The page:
There are utilitarian objects in our lives that we often use without thought. Take, for instance, salt and pepper shakers. A table would be naked without them, but why? Out of all the spices in the world, how did Americans end up with salt and pepper on every table? When did shakers become the preferred receptacle? How did they become the collectible that they are today? (These are the sorts of questions that keep me up at night). Well, now that I’ve got the gears in your brain going, let’s dive into the history of salt and pepper shakers. Don’t worry, there will be lots of pictures!
Salt has almost always been a part of Western cooking but was used exclusively in the kitchen by chefs until the 17th century. After that, it was kept on the table in salt cellars, small dishes that you would scoop salt out of with a very cute tiny spoon. This was before the days of gluten-free this and no preservatives that, so the only real way to customize your meal was to salt it to your taste.
Pepper though? No one is quite sure how it became salt’s ever faithful companion, but the best anecdote I could find is that France’s King Louis XIV didn’t like “spicy” food and limited the use of spices to salt and pepper. Then, supposedly, this became the fashion and, to this day, every restaurant keeps the two together. I’m not really sure if this is the 100% factual story of how pepper ended up dominating Western cuisine, but I like the idea that an 18th century French King’s toddler palate changed the landscape of food forever. Seems plausible.
It wasn’t until the 1920s when the Morton Salt Company came up with a way to stop salt from clumping, that it became the shakeable spice we’re used to today. After the Great Depression, ceramics companies began producing tons of salt and pepper shakers because they were cheap to make, could be sold at a low price, and every household needed a set. Companies started making varied designs to capture the interests of consumers and, as with anything that produces a variety of options, they became collectibles. By the 1940s, collectible salt and pepper shakers were the choice souvenir people would bring home with them from vacations. Some were specifically made for locals, like this set my Grandparents brought back with them from Australia for my Great-Grandma, a collector:
Or, sometimes, they would just have stickers for a specific location added after a production like this bizarre set of a child trying to use a chamber pot and finding a bee in his way:
Not quite sure what that has to do with the Seneca Indian Reservation, but, hey, someone bought them and I spent a ridiculous amount of money to buy them from a vintage reseller.
Not all vintage salt and pepper shakers are expensive, which makes them a fun thing to collect. You are able to get most sets for $10 or under. They also don’t take up a huge amount of space so you can collect a lot without seeming cluttered. Here is a picture of my personal collection (that I have to admit has grown considerably since I began working at the Brass Armadillo):
There are so many different types of collectible salt and pepper shakers that it seems as if a collection could never be complete. I have been collecting for years and still routinely run across a set I’ve never seen before. With so many to choose from, how does someone avoid buying every set that they see? Well, there are some vintage salt and pepper shaker sets that are definitely more desirable than others. Especially popular are anthropomorphic sets which give human characteristics to either inanimate objects or animals. Some of my favorites fit into this category. I have a dapper skunk couple, owl doctors, martini-loving foxes, a delightful little bookworm and so on and so on.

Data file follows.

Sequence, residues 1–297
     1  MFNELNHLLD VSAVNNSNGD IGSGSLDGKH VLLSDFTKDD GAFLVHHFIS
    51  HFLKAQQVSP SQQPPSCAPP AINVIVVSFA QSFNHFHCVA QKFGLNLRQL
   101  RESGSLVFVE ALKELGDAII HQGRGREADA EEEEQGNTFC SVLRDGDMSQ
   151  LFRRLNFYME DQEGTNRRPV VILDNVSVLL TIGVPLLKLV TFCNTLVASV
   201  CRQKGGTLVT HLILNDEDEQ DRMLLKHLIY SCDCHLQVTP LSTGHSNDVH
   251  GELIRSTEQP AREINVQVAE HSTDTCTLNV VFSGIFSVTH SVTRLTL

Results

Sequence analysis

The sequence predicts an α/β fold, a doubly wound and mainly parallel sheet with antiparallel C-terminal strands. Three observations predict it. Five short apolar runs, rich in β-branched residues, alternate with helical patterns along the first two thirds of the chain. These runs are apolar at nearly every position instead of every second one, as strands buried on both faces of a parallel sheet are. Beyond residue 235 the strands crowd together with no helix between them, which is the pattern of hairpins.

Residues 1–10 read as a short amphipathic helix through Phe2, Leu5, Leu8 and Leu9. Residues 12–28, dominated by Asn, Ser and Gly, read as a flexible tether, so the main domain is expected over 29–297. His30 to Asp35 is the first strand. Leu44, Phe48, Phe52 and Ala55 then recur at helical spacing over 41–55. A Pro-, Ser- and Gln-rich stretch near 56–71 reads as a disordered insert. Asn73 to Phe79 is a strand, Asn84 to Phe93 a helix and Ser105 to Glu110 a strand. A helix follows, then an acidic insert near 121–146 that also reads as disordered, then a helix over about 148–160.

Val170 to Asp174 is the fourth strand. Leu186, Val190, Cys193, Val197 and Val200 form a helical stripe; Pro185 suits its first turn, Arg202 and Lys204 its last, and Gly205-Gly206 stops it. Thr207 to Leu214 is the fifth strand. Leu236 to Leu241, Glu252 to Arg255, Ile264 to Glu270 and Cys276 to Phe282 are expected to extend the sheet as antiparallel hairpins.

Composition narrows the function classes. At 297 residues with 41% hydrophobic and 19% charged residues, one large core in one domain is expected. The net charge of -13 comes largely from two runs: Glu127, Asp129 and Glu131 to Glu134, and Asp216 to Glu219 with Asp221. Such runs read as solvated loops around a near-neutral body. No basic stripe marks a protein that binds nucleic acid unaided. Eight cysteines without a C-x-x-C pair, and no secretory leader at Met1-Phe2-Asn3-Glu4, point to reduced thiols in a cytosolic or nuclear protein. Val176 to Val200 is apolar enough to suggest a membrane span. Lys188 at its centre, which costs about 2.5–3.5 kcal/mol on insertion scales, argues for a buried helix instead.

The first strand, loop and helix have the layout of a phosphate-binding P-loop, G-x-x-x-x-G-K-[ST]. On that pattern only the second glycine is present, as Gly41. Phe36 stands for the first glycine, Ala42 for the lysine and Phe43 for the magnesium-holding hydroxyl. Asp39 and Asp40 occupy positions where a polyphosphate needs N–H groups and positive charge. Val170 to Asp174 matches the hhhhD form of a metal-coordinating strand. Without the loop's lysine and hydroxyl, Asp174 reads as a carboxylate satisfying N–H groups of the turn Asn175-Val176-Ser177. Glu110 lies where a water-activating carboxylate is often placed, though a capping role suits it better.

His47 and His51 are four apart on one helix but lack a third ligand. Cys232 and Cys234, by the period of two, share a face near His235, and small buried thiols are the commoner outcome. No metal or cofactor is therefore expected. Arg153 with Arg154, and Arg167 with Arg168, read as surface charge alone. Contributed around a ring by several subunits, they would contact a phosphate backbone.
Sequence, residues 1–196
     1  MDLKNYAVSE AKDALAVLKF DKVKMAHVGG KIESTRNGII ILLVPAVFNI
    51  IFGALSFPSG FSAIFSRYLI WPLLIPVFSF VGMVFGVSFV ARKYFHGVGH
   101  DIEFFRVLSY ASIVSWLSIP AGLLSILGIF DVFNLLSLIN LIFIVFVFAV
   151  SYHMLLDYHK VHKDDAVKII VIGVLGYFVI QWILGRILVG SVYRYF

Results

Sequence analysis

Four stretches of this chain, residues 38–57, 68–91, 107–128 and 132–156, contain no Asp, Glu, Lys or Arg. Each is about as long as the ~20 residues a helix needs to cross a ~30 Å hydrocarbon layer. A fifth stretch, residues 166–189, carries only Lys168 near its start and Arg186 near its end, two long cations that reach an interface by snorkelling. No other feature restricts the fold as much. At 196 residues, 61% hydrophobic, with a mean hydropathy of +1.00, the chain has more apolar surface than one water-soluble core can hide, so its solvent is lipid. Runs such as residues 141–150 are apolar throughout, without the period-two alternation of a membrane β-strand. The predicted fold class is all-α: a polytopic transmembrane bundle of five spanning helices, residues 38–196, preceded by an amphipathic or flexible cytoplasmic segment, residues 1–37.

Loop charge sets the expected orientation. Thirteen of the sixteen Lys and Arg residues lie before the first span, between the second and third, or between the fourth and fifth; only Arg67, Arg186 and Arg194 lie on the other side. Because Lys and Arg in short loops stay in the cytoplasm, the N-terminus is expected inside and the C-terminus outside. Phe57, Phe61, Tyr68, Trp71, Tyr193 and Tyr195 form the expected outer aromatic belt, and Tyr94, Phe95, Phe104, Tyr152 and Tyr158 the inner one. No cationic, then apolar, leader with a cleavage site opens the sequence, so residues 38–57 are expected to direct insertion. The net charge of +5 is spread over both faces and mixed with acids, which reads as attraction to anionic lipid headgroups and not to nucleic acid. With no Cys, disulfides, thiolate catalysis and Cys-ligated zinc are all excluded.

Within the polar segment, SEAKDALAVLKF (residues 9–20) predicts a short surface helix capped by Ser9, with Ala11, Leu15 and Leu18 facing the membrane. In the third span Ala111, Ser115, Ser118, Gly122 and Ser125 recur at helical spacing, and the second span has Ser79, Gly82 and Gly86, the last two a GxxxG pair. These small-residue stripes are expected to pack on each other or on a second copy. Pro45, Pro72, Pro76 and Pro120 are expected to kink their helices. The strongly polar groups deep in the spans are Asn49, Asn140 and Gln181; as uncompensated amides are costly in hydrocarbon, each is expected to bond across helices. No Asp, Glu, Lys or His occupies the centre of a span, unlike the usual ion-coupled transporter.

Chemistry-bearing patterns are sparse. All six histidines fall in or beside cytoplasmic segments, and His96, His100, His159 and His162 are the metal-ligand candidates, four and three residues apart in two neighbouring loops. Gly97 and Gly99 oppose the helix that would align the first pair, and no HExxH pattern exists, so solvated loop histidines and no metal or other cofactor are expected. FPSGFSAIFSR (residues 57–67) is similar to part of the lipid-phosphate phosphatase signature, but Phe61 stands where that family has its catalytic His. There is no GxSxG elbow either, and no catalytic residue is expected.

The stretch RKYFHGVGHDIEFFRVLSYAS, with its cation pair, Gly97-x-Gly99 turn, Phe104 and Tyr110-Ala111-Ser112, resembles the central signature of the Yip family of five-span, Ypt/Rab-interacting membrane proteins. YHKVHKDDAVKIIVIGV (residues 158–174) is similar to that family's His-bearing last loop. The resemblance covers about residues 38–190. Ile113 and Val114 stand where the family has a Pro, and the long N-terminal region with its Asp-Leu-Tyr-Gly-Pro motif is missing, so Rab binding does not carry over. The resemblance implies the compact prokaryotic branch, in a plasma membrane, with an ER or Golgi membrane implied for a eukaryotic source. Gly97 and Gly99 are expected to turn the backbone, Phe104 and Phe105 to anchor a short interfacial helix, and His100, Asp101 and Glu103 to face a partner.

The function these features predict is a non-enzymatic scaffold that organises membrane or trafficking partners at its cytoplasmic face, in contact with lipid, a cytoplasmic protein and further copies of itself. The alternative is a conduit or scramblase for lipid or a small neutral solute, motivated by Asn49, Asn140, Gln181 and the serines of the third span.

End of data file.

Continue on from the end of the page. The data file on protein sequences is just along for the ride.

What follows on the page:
One of the most desirable anthropomorphic sets is this, Lefton’s Miss Priss:
This set routinely sells for between $30 and $40! The most I have spent on a set of shakers is around $50. What do $50 sets of collectible salt and pepper shakers look like? I’ll show you mine (all of which I found in locked cases at the Des Moines Brass Armadillo). The first pricey set I bought were these devil ladies: .
This set is pretty rare. I just checked and see that there are none listed on Ebay or Etsy right now. Pin-up stuff is always highly collectible and so is anything “spooky” or Halloween related or creepy, like these guys:
The really expensive ones of these say “I’m Poison” instead of “I’m Salt” and “I’m Pepper.”
My absolute favorite vintage salt and pepper shakers, though, are part of the explosion of John F. Kennedy merchandise after his assassination. Most presidential sets are pretty subdued, but this one, oh man:
Yeah, that’s a little JFK as a shaker sitting on a rocking chair, that is also a shaker. I had been looking for these for years! They were my Holy Grail of collecting so now I have to find a new one!
It’s kind of impossible to write a completely thorough blog on collectible salt and pepper shakers. There will always be something left out because each day is an opportunity to find something you’ve never seen before. I’ll leave you with a gallery of some of the standout vintage salt and pepper shaker sets in the Des Moines store right now. Maybe the collecting bug will bite you too!